#5. GRAN TURISMO 2
Gran Turismo 2 is, in essence, the prime example of a perfect iterative sequel. Following up on its revolutionary predecessor was by no means an easy task, but Polyphony Digital chose to do it in the best way possible- by expanding on all the biggest strengths of the first game. More cars, more tracks, a better physics engine. There’s an argument to be made that perhaps its unambitious nature as a sequel held it back from being as memorable as the first game was, but if all you’re talking about is execution of ideas, there’s little to dislike here.
#4. GRAN TURISMO
The one that started it all. In pretty much every way, the original Gran Turismo has been thoroughly outdone by its many successors, but given the game’s significance, you can’t help but respect it. For its time, it was an absolutely revelation. It looked amazing, it controlled like a dream, it was brimming with an impressive roster of modes, cars, and tracks, and above all else, it established ideas and mechanics that have by now become staples not only of the series, but an entire genre.
#3. GRAN TURISMO 4
Now that we’re in the top 3, there’s very, very little separating the three games that are left, and there’s a strong case to be made for each of these three being the definitive Gran Turismo experience. Gran Turismo 4 is, for many people, still one of the best racing games out there. It’s the quintessential GT game, with excellent driving and physics, best-in-class visuals, and oodles of content to keep players busy for dozens upon dozens of hours. Not everything in the game was equally fleshed out, but there was more than enough here to impress even the most cynical players.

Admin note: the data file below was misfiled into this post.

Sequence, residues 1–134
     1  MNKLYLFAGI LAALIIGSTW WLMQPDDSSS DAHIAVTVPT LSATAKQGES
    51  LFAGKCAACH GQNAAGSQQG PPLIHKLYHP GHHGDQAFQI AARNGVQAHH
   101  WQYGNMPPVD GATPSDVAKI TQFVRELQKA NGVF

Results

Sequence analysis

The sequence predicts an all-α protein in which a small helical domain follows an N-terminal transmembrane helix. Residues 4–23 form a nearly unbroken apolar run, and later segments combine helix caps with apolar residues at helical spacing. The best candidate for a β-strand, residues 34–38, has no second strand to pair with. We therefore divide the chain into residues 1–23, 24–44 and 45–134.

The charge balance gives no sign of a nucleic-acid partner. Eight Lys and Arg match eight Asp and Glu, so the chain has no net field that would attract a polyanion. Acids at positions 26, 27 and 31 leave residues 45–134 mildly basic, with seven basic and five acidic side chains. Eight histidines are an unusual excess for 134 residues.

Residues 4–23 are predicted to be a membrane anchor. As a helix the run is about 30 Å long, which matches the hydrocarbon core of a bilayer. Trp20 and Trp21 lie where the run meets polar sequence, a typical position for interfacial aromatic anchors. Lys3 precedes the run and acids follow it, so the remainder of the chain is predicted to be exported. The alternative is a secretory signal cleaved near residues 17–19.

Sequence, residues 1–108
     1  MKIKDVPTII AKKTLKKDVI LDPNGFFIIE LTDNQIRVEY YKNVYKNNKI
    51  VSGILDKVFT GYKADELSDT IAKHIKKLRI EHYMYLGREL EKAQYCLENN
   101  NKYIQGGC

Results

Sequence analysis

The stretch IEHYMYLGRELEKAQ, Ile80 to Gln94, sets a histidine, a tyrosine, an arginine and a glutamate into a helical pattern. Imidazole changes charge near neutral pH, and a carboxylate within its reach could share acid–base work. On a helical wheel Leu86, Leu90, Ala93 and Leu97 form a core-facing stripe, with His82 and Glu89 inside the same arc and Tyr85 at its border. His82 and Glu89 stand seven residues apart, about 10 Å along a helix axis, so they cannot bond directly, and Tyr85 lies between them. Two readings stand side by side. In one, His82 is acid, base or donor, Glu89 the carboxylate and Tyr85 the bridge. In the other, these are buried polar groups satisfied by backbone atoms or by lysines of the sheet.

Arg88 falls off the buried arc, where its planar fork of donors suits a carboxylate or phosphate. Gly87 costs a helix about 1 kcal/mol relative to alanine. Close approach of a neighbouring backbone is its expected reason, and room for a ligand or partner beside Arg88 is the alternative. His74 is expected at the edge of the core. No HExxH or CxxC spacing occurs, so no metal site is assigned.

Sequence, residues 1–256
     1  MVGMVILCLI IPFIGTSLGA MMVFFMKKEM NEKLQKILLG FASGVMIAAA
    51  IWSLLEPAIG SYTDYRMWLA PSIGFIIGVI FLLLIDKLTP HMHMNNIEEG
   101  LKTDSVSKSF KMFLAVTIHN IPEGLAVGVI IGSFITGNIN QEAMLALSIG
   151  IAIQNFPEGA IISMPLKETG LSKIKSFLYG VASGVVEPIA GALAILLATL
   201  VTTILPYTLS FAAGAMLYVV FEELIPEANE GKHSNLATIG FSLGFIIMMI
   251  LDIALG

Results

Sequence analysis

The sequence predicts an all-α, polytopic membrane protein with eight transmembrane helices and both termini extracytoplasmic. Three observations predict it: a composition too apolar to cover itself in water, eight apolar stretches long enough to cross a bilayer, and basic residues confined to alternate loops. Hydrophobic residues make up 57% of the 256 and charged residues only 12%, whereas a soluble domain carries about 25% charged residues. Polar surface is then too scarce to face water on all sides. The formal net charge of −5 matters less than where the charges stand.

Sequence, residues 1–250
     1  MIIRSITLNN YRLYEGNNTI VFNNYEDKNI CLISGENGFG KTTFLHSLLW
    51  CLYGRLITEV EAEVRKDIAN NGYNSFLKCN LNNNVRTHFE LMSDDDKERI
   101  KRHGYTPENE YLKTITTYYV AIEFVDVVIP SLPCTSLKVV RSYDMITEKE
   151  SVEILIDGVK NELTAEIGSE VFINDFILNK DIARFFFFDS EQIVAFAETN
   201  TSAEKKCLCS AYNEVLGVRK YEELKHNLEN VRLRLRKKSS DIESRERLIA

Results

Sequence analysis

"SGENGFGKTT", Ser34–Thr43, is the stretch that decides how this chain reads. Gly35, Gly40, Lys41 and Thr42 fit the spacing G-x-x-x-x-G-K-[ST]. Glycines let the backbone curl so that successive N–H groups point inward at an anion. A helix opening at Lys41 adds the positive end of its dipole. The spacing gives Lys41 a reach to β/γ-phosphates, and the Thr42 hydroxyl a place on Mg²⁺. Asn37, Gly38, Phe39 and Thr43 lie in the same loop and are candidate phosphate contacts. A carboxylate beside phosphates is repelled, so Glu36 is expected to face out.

#2. GRAN TURISMO 7
Gran Turismo had been in a bit of a slump of form since the launch of GT5, with the multiplayer-centric GT Sport being something of a nadir for the series, so there was a great deal riding on Gran Turismo 7. It pretty much had to be a return to form- and boy did it succeed in doing that. For fans of the series, the genre, and car culture in general, this game is a dream come true. Its single player component is densely packed and ingeniously structured, the game looks absolutely gorgeous, and the level of authenticity and realism displayed here just blows you away. It’s also probably the most approachable game in the series in a long, long time, so it may very well bring in a massive audience- even by Gran Turismo standards.
#1. GRAN TURISMO 3: A-SPEC
It’s hard to top Gran Turismo 3. It is, in every sense of the word, an unabashed masterpiece. It may not have been overflowing with content the way something like Gran Turismo 2 was, or Gran Turismo 7 now is, but the game’s biggest strength lay elsewhere- in how focused and tightly designed it was. Its roster of vehicles was full of cars that felt amazing to control, it had some of the best-designed tracks this series has ever had, and for its time, it looked unbelievably amazing. It’s not just the best Gran Turismo game, it may very well even be the best racing game ever made, period.